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Otocinclus - Otto

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  • Otocinclus - Otto


    Photo thanks to watfish


    WEB5D3_2013-9396 by cy1234
    Photo thanks to watfish

    Name:
    Scientific name: Otocinclus
    Common name: Ottos
    AKA:

    Country of origin:
    South America

    pH: 5.5 - 7.5
    Temperature: 21 - 28c
    Hardness: 1-12 dH
    Water flow: Can tolerate high or low flow
    Oxygenation: Standard

    Maximum size: 2.4 - 5.5cm

    Diet: Vegetarian. Primarily eat algae, but they will require additional vegetables or algae tablets if there is insufficient algae for them.

    Breeding: They lay eggs which stick to a surface, then do not protect them but just leave them there.

    Tank companions: They are the only fish which are truly safe with shrimp and will not eat any shrimplets.
    They have an armoured shell on their back, which faces out when they are suckered to the walls eating algae, so they are protected, and can be put with most fish. They are safe with microfish and with most larger fish. They will swim off the glass at times, so still follow the rule that if the otto can fit in the fish's mouth it will be eaten.

    Otocinclus comprises 16 or 17 different species (depending on the taxonimy of one species, which is still in the balance), all of which have the common characteristic of being efficient at cleaning algae in the home aquarium. They are all able to "breathe" oxygen by gulping it, then being able to hold the air until the O2 is absorbed. The two main species that are sold in the trade are O. vittatus and O. macrospilus. Although frequently classified as O. affinis, this fish is now very rare in the trade. The species can be differentiated by looking at the markings on the head and the tail.

    WEB5D3_2013-9387 by cy1234
    Photo thanks to watfish

    There are often frequent losses when they are first introduced to the shop, and therefore to the home aquarium. Whether this is due to the stress of transport, starvation in transport of the method of capture (the majority are still wild caught) is unclear, but many die when they first arrive. Therefore it would be wise to wait for 2 weeks to purchase from the shop, then buy the survivors - but fish rarely remain in the shop that long.

    The other course of action is either to buy the fish, take them home, put them in a quarantine tank, feed them on algae pellets & vegetables - and possibly treat for flukes if you wish to. Or you can put them in the tank you plan to keep them in, which should be a mature tank which contains some algae, and hope that there is no disease passed on. This is not good practice in general - fish should be quarantined as a rule, but given that these fish have possibly been starved in transit and require a mature tank, you may consider it as an option. Either the quarantine tank or putting them straight in the main tank without quarantine have pros and cons in this case.

    Ottos do rarely sucker on the sides of discus or other mucous pruducing fish. Discus are the main victims of this, as they produce a slime on their sides most of the time, but this becomes thick when they are spawning, as the fry feed off this for the first few days of their lives. This is attractive to various sucking fish, plecos are renowned for sucking on this. Once a fish has developed a taste for this, it is unlikely to leave the discus alone. Very occasionally an otto can be taught to return to its purpose if algae wafers are provided immediately, as they usually begin due to hunger. If this doesn't work, the fish should be removed befoore it injures the discus. Ottos are less likely to cause permanent harm immediately to discus than other sucking fish, but can still do so.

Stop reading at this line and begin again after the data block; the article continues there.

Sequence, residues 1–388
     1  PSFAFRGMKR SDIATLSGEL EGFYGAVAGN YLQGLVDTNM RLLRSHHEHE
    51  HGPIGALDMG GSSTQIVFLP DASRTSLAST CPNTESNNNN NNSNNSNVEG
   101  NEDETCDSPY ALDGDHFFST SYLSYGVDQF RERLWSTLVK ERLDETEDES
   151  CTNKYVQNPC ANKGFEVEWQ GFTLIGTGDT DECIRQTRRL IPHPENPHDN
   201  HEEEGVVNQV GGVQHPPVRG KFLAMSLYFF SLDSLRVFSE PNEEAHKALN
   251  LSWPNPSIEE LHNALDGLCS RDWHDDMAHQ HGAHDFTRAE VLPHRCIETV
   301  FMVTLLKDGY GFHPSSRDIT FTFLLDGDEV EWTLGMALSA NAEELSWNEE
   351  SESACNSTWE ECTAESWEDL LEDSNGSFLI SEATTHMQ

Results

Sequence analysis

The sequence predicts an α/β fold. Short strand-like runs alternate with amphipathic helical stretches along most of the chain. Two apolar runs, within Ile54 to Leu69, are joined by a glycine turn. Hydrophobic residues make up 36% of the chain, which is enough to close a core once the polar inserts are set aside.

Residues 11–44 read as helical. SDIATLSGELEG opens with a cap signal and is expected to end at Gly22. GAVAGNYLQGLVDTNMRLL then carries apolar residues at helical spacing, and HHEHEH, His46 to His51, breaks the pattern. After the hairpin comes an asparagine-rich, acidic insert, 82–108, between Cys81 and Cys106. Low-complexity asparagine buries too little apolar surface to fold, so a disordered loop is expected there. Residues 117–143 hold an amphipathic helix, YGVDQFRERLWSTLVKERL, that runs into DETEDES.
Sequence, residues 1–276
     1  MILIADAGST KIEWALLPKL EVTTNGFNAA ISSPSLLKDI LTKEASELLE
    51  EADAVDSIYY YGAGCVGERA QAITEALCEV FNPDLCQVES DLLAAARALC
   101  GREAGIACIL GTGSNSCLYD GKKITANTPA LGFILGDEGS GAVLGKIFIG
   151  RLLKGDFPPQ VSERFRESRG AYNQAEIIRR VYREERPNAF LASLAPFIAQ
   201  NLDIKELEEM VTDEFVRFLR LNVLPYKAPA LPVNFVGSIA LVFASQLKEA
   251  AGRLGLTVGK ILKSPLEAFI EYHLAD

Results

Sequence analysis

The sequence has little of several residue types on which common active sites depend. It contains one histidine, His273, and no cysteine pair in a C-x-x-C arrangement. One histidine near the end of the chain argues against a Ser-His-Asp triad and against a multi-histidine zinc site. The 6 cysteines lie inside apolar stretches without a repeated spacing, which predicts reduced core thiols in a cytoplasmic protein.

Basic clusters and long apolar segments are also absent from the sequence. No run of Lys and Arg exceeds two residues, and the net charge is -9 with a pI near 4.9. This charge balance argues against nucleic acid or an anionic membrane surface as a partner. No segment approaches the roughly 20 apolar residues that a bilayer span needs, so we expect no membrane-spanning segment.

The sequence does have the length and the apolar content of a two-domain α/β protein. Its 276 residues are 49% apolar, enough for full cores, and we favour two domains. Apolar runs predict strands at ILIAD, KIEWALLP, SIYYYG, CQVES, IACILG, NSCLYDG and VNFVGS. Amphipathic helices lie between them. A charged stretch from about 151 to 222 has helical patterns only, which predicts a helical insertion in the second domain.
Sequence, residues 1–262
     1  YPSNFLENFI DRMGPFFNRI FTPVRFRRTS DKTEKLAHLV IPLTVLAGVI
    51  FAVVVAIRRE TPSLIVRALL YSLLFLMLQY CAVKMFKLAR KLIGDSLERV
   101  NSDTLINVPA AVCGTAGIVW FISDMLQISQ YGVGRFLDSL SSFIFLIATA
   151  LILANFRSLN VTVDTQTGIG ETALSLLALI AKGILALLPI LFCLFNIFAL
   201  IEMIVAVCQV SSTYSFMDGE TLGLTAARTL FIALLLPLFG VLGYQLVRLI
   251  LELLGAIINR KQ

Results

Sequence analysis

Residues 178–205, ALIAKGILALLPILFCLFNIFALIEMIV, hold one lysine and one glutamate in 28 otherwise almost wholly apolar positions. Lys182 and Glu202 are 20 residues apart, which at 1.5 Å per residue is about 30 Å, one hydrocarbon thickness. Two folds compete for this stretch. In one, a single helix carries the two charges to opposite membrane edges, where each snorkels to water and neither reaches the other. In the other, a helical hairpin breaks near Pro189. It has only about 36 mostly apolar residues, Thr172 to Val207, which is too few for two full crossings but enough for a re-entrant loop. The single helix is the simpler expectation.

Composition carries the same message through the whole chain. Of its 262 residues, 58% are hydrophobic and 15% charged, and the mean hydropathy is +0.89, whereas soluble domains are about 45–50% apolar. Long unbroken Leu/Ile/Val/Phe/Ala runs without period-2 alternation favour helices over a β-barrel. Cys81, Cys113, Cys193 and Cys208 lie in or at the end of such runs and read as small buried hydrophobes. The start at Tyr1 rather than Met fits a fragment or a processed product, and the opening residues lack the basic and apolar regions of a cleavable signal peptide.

Otocinclus arnoldi are legal imports to Australia as of 20/10/2013:
    http://www.environment.gov.au/biodiv...mport-list.pdf

    All Otocinclus other spp. are NOT legal imports to Australia as of 20/10/2013:
    http://www.environment.gov.au/biodiv...mport-list.pdf
    however they may have been on previous import lists, have entered Australia prior to the implementation of import lists, or been misidentified on importation.

    The IUCN Red List reports Otocinclus as species which has not yet been assessed at 20/10/2013:
    http://www.iucnredlist.org/search

    It is very important not to release any aquarium specimens into our waterways. Any that are not sold or re-homed/ given away, can often be re-sold to aquarium stores. If they are homed in ponds, care should be taken that they cannot escape in run-off into our waterways. Even if fish are native & local they should not be moved from one waterway to another, as this can transfer disease. If they are not local fish, they can both spread disease and either out-compete or eat local fish, shrimp & plants, causing their demise.

    They are a good fish for people with a little experience - beginners +1 - providing they are kept in a mature tank.


    Photo thanks to BrianS

    • DiscusEden
      #1
      DiscusEden commented
      Editing a comment
      03/08/2012
      From this thread:
      http://www.aquariumlife.com.au/showt...ciclus-catfish

      Originally posted by Juls View Post

      Otto's of course are safe too, but really your 40L tank is a touch on the small side to keep otto's alive long term, they are a little finicky with food, and need large qty's of the right film algae and bacteria to survive, if you can find one someone has weened onto algae wafers successfully, then maybe, but otherwise I'd say shop bought Otto's should be off the menu, Ottos are semi schoolers and should be kept in at least groups of 3, if not 6 or more.

      Juls.
    Posting comments is disabled.

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